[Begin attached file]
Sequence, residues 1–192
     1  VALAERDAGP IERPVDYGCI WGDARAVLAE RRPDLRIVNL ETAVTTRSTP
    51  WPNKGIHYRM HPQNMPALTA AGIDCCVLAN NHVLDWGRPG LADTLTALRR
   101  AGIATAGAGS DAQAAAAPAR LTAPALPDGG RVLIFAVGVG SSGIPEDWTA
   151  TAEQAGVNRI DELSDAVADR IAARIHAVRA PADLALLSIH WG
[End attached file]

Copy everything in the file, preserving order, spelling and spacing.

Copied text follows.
Sequence, residues 1–192
     1  VALAERDAGP IERPVDYGCI WGDARAVLAE RRPDLRIVNL ETAVTTRSTP
    51  WPNKGIHYRM HPQNMPALTA AGIDCCVLAN NHVLDWGRPG LADTLTALRR
   101  AGIATAGAGS DAQAAAAPAR LTAPALPDGG RVLIFAVGVG SSGIPEDWTA
   151  TAEQAGVNRI DELSDAVADR IAARIHAVRA PADLALLSIH WG